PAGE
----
I’ve been reading a lot lately (lots of Alain de Botton and Her Holiness Sri Mata Amritanandamayi Devi) and thinking more comprehensively, discerning more comprehensively, yet I don’t feel any closer in finding what it is I seek.
“We can conclude …that we are drawn to call something beautiful whenever we detect that it contains in a concentrated form those qualities in which we personally, or our societies more generally, are deficient. We respect a style which can move us away from what we fear and towards what we crave: a style which carries the correct dosage of our missing virtues.”
— Alain de Botton, The Architecture of Happiness
I’m at an interesting point of my life. I desire simplicity, freedom, adventure, beauty, awareness, zest for life and an open heart. These are all qualities I feel I am lacking, and as de Botton says, these are things I am drawn to other aspects of my life such as art, artefacts and architecture.
The reality is that I just don’t believe… in anything.
I used to believe in lots, I used to care about things. I used to have a social conscience and care about tanks dismembering student demonstrators, about animals caught in oil spills, about the girls around the world sold into slavery against their will. I used to be passionate about things, stuff.
But now… I don’t believe in much at all. And besides being boring, there’s a real void. I lack the patience, empathy, time. I have the attention span of a gnat. And I find myself travelling in my mind back to places I’ve been that seem more simple, more honest and in tune to the machinations of human interaction. I seek happiness, bliss… but is happiness something we can never attain, only obvious to us in retrospect? Have I closed myself off to experiencing or enjoying anything in response to being around death and heartbreak at work each day?
I remember being in Kindergarten and having to colour-in the Scripture Book, and I didn’t feel anything. Nothing. Throughout school, I just faked it: I sang the songs at Chapel, I did the homework assignments for Christian Studies and rather enjoyed drifting “off with the fairies” as soon as I had to sit through a sermon (or whatever it was called).
In Year 11, my parents were called in to see the Chaplain to discuss why I received 2/100 on my Christian Studies exam. I told the truth: I didn’t answer in the affirmative because I didn’t believe, but I cited the references appropriate to back up my stance. Wasn’t that what they were after – me reading and forming my own conclusions? Er, no.
But an upside of the religious education I received was a half-arsed ability to answer bible questions on Jeopardy… so it all evens out.
So it put this question out there: what do you believe in?
What makes your life worth living?
Have you ever thought you could pack it all in and move to an ashram in India or baptised as Amish, forgoing all of the technological gadgets you ‘need’?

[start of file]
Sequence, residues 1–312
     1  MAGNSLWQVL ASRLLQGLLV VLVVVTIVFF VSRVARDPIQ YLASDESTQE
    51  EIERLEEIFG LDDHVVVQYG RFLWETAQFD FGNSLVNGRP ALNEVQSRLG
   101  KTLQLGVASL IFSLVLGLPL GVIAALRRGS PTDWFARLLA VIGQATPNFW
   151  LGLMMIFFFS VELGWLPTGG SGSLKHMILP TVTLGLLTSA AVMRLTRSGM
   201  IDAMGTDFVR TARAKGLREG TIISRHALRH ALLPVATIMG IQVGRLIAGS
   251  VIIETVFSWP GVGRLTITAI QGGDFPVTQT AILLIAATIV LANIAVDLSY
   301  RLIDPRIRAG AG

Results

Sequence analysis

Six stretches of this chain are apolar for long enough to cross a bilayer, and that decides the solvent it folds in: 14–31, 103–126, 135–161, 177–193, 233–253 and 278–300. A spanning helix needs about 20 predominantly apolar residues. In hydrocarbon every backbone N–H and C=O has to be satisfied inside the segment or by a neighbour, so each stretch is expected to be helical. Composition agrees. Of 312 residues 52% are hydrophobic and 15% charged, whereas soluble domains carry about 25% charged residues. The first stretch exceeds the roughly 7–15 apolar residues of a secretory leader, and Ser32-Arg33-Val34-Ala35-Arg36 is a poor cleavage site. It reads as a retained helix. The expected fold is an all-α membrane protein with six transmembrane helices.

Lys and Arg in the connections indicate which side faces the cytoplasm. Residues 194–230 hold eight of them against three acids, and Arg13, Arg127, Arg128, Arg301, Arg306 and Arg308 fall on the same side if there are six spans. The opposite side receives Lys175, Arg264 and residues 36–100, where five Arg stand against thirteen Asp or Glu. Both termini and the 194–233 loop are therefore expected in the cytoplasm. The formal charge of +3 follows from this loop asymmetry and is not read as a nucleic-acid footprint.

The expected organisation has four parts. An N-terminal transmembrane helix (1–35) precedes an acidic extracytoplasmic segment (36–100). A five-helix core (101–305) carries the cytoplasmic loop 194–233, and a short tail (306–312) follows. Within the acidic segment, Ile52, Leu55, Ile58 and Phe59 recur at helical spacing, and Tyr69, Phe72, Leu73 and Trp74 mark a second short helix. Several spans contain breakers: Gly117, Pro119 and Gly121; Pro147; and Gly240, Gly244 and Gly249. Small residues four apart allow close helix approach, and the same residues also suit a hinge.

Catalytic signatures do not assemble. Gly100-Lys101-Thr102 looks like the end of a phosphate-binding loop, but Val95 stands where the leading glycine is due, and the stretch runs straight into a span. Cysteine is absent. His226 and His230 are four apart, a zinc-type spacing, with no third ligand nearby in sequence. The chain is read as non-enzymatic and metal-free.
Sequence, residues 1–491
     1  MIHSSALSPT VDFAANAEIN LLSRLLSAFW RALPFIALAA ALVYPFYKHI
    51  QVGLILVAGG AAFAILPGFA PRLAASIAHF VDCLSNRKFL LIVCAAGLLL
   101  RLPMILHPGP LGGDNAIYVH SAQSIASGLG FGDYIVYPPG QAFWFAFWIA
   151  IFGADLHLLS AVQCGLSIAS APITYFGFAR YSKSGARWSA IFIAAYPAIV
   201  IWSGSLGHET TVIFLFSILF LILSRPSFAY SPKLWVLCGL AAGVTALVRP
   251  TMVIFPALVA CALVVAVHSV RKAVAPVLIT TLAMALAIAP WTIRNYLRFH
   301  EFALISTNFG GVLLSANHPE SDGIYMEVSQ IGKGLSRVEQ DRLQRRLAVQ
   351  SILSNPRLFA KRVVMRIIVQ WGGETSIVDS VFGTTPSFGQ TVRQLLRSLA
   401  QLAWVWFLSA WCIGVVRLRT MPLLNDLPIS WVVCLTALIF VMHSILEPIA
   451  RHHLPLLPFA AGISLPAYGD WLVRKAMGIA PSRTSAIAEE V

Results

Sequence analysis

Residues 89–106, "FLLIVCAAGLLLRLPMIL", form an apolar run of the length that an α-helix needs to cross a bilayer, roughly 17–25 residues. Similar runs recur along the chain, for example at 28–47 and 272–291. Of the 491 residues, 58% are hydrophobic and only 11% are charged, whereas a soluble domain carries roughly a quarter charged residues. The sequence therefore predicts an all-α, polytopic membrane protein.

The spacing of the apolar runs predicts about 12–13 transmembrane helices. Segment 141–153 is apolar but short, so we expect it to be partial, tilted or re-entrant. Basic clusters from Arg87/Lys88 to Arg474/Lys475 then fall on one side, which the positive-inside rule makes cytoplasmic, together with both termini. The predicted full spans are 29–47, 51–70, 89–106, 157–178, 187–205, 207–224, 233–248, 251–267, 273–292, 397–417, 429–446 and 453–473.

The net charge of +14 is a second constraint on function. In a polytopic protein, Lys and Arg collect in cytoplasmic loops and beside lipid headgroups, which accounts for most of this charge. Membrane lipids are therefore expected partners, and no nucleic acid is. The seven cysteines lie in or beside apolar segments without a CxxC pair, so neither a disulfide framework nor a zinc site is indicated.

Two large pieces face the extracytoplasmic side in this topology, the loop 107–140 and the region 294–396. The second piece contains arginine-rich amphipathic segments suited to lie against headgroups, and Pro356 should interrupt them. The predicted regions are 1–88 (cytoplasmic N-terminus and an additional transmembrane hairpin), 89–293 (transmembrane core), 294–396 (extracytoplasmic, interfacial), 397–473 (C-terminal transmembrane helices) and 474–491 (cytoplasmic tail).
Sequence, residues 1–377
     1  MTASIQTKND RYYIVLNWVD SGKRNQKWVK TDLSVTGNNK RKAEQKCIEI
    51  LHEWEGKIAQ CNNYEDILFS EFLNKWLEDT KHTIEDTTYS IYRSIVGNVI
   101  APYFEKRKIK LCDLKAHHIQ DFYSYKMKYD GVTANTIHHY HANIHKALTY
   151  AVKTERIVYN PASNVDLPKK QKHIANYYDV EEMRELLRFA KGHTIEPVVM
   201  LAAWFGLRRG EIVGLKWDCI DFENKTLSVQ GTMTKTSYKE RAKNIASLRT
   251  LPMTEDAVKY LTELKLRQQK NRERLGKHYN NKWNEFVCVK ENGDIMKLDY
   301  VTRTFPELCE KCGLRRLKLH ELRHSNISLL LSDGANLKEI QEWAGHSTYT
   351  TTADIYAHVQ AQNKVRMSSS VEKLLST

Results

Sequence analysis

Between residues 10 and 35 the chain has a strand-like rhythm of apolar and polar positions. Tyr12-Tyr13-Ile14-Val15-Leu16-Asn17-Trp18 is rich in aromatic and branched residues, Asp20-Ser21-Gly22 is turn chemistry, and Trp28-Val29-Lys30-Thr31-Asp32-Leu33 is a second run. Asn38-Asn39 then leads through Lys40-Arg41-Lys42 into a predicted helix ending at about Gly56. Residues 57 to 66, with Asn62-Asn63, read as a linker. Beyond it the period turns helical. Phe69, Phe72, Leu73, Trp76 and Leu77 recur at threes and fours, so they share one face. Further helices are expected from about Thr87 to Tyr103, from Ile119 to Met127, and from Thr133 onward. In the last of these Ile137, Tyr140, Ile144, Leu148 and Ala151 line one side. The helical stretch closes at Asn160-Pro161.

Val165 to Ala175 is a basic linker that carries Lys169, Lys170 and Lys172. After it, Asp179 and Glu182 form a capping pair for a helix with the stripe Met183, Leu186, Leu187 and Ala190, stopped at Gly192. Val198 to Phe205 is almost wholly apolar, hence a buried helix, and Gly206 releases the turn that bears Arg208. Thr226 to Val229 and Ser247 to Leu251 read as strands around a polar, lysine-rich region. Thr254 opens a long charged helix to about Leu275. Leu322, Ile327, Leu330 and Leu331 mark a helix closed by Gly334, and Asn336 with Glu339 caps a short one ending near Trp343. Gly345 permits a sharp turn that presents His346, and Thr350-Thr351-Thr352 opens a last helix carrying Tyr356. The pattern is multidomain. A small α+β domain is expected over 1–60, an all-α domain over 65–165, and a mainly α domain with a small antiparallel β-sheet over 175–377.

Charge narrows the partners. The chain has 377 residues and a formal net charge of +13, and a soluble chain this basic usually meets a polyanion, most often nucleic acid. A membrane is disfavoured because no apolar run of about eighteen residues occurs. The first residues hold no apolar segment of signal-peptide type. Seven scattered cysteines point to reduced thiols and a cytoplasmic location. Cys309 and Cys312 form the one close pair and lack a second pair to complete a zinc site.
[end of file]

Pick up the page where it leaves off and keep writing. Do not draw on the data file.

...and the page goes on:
What do I believe in?
I believe in the capacity for goodness in the majority of human beings (despite working with some of the most self-absorbed, arrogant, disrespectful individuals ever created!). I believe that there is no such thing as a happy ending without seemingly endless struggle. I believe that there is nothing more beautiful than whennyou have been woken at some hour that should have been made illegal only to be surprised by an incredibly sunrise that you would have otherwise have missed. I believe in the power of people to facilitate change, both in their own lives and in the community at large. I believe that this power can be both positive or negative, but it’s nonetheless present and up to individuals or groups to harness it.
If you’re asking about a higher power, then no, I don’t believe in that. But I do believe that we’re all essentially meandering down our own road, trying to make the best of the situation that we’re in and attempting to carve out our own little piece of the metaphorical “Garden of Eden”.
I believe that you don’t necessarily have to believe “in” something, but more “for” something.
I believe in these things because I think they make my world a better place in which to live.
I’m really surprised to hear you say that you don’t believe. From the time I met you back in 2005, to various email correspondences we had in 2006, you were the one of the most spiritual people I’d ever met. I think you are just one of those people who isn’t suited to the “one size fits all” approach of organized religion. Belief has to come from within, whereas in a subject such as Christian Studies, you are more or less taught what to believe. That’s my take on it, anyway. It makes sense that you would be drawn to the qualities in which you feel you are lacking through art, etc, I don’t think that is at all unusual.
When was the last time I was happy?
Probably over the Queen’s Birthday weekend a couple of weeks ago, when I went with some very dear friends to the Hunter Valley for a couple of nights. The whole weekend was great, but the happiest part of it for me was not when we were out wine tasting or dining at fine restaurants, but when we came back to our cottage after dinner and were just chilling by the fireplace, chatting, playing cards and just generally taking the piss out of each other, as friends do! It was at that moment that I felt I was with people I loved. Why? Because they accepted me for who I am, and I them. And because of that, they became part of my “family” for the time that we spent together.
Have a good day!